Daughters of the House by Michele Roberts

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Synopsis

A Booker Prize Finalist, Daughters of the House is Michèle Roberts' acclaimed novel of secrets and lies revealed in the aftermath of World War II. Thérèse and Léonie, French and English cousins of the same age, grow up together in Normandy. Intrigued by parents' and servants' guilty silences and the broken shrine they find in the woods, the girls weave their own elaborate fantasies, unwittingly revealing the village secret and a deep shame that will haunt them in their adult lives.
 

About Michele Roberts

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Michèle Roberts is the author of twelve highly acclaimed novels, including The Looking Glass and Daughters of the House, which won the WH Smith Literary Award and was shortlisted for the Man Booker Prize. Half English and half French, Roberts lives in London and in the Mayenne, France. She is Emeritus Professor of Creative Writing at the University of East Anglia and was recently made a Chevalier de l'Ordre des Arts et Lettres by the French government.
 
Published October 22, 2013 by Picador. 177 pages
Genres: History, Literature & Fiction. Fiction

Unrated Critic Reviews for Daughters of the House

Kirkus Reviews

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The final discovery--that Antoinette may have been impregnated by the man who betrayed the Jews, and that the cousins may actually be the twin offsprings of that act--separated ThÇräse and LÇonie for 20 years- -until the burden of their secret brings ThÇräse home to complete their story.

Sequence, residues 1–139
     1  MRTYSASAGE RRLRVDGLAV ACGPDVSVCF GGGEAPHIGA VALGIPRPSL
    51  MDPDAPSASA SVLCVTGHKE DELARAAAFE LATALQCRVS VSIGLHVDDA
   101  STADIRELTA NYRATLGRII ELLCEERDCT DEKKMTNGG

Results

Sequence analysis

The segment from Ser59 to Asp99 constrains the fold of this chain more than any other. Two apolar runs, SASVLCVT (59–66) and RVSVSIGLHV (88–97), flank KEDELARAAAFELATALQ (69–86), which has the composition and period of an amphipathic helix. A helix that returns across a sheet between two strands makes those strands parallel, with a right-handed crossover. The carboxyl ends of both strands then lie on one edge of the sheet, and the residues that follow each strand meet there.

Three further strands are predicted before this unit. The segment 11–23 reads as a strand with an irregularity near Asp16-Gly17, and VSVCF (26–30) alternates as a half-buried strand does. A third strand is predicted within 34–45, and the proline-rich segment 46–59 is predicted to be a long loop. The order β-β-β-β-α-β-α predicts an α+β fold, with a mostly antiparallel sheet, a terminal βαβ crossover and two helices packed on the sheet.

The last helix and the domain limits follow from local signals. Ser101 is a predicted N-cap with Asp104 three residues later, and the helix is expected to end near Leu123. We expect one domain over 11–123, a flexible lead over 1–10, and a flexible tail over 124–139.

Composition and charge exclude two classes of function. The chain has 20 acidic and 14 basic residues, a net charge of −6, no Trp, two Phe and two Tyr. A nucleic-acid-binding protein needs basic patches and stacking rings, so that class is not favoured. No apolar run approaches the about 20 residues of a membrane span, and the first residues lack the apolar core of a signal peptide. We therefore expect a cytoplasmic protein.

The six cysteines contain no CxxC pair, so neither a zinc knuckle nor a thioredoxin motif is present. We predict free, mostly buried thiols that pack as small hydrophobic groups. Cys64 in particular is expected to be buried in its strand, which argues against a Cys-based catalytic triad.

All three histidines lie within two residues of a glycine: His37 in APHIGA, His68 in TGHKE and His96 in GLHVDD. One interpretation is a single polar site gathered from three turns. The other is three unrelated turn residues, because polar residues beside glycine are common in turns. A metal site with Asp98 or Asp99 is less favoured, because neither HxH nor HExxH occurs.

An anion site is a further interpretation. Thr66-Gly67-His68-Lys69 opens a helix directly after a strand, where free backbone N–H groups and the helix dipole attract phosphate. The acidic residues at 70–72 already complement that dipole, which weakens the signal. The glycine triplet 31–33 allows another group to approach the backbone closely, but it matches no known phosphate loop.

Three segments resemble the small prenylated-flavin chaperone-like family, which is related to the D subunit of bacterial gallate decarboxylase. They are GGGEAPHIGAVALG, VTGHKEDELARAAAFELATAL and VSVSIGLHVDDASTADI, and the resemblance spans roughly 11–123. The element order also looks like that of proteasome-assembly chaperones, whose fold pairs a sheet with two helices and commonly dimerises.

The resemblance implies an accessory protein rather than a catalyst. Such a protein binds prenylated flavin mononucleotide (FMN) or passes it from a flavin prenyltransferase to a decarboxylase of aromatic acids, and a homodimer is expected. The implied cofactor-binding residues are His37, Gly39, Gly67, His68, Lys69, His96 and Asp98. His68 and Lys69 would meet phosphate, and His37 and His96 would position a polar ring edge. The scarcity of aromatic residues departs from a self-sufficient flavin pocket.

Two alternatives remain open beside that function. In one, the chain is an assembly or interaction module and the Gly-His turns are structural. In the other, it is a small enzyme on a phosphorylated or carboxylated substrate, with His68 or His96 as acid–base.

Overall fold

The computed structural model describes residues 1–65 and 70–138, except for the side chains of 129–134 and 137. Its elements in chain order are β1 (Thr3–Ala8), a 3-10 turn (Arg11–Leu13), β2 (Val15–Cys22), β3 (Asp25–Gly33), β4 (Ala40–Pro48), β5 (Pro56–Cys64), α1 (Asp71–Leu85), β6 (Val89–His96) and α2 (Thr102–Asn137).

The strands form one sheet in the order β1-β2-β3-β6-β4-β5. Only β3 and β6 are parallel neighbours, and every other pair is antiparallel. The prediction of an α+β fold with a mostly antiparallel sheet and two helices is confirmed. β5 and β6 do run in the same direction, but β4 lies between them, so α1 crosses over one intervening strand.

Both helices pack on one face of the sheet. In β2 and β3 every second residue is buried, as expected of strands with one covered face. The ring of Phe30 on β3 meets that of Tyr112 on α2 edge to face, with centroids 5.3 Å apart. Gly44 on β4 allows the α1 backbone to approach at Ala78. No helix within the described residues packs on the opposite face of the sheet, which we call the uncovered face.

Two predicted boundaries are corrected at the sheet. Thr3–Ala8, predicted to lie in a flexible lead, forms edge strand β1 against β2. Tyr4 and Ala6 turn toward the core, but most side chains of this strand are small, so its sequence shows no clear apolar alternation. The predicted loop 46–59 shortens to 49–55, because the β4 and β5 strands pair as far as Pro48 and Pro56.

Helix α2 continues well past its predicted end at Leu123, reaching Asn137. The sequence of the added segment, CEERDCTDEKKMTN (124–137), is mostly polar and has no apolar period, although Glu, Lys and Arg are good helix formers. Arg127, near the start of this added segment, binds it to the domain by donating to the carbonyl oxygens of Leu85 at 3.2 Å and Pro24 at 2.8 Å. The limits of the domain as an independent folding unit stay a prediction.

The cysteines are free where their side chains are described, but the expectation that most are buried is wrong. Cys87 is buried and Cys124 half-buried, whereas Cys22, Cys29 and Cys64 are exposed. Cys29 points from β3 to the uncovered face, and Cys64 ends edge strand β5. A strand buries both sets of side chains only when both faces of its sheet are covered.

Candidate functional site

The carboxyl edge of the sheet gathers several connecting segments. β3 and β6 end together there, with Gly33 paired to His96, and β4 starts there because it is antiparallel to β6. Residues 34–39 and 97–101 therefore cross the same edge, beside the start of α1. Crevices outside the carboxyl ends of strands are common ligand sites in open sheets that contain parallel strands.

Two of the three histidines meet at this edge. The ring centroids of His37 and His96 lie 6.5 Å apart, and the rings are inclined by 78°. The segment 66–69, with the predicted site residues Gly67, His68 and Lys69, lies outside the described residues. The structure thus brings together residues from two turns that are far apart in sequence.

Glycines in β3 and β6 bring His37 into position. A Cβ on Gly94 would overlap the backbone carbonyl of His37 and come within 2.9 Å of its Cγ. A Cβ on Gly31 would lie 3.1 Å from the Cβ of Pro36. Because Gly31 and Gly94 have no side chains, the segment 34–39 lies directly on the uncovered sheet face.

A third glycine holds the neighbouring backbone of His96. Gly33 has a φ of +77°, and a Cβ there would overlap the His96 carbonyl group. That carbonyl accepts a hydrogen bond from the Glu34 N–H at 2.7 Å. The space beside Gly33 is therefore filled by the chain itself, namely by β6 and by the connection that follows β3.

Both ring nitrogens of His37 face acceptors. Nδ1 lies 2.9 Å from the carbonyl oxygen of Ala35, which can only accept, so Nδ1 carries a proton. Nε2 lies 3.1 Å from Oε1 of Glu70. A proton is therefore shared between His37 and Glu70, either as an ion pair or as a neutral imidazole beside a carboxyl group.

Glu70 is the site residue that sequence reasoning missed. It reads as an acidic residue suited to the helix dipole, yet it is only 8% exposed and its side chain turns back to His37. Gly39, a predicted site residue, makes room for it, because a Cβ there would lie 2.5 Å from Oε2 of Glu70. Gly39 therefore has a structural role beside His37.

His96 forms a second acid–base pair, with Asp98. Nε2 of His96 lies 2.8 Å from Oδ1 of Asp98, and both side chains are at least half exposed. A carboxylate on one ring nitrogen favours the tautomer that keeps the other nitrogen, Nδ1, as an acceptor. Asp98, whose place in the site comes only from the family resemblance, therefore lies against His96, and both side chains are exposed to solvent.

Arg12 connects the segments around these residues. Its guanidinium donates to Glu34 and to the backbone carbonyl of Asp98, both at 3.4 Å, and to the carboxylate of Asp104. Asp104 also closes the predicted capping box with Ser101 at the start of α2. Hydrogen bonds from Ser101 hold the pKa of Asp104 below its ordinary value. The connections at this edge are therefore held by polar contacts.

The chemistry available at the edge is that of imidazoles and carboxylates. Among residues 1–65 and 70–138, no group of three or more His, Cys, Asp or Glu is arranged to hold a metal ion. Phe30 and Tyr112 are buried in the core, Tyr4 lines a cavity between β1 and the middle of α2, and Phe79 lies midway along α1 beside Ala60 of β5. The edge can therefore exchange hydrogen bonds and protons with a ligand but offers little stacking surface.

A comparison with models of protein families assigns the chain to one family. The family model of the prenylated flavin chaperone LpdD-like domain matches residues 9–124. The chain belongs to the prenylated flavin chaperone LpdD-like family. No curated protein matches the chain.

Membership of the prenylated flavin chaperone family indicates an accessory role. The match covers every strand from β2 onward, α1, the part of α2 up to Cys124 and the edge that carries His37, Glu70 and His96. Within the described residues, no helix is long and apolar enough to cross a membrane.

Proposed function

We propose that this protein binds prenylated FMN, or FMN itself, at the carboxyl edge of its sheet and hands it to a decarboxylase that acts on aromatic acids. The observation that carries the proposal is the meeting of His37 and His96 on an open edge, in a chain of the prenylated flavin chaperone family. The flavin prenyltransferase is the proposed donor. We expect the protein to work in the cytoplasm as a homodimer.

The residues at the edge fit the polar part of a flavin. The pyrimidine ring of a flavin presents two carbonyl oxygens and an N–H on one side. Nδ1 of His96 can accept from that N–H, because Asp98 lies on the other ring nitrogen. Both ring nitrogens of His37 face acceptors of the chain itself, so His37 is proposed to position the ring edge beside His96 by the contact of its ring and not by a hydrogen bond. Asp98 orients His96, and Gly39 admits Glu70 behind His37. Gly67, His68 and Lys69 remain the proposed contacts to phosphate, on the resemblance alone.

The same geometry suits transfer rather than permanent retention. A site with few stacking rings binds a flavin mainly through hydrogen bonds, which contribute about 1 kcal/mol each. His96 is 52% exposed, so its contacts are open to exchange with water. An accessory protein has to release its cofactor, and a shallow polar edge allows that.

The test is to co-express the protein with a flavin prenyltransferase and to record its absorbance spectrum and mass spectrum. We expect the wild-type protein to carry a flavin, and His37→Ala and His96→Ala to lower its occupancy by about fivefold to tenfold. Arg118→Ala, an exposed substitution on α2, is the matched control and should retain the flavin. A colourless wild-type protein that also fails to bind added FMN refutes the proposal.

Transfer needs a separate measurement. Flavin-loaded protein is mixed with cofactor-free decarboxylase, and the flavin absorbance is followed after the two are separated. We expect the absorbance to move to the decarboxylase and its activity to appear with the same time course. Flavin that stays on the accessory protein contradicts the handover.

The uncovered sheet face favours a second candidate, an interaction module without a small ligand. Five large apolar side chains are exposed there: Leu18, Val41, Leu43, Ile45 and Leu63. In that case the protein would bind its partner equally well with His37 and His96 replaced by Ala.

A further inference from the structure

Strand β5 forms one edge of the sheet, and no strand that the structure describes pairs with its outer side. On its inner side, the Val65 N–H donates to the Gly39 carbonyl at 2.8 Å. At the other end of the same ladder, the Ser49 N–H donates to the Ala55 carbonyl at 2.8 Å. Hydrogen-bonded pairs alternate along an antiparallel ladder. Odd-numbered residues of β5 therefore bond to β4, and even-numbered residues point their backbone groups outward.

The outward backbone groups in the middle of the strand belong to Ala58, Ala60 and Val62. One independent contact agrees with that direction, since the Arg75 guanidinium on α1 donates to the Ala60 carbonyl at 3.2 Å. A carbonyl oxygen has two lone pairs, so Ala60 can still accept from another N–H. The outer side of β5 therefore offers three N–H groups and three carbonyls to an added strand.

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Publishers Weekly

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This richly atmospheric tale of murder and adolescent rivalry between two cousins was shortlisted for the Booker Prize in 1992.

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Publishers Weekly

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In a lyrical but tersely controlled narrative, Roberts gradually reveals the events 20 years past when Therese Martin, whose parents owned the farm and spacious manor house near the village of Blemont in Normandy, withdrew into a convent after her mother's death and the impending marriage of her ...

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The Independent

It uses the saint's bourgeois Normandy home, her peasant foster-mother Ruth Taille, her mother's early death from cancer, her widowed father's doting on his 'little queen', her childhood sightings of the Virgin Mary, bossily appropriated by the Carmelite nuns.

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The Independent

Therese believes herself to be wholly French, Leonie is told that her father was an English journalist killed in the war;

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London Review of Books

She has gone far beyond temperance – the observation quoted above needn’t seem all that askew if you take it as a prescription for vegetarianism, not near-abstinence – into some ferocious realm of self-denial.

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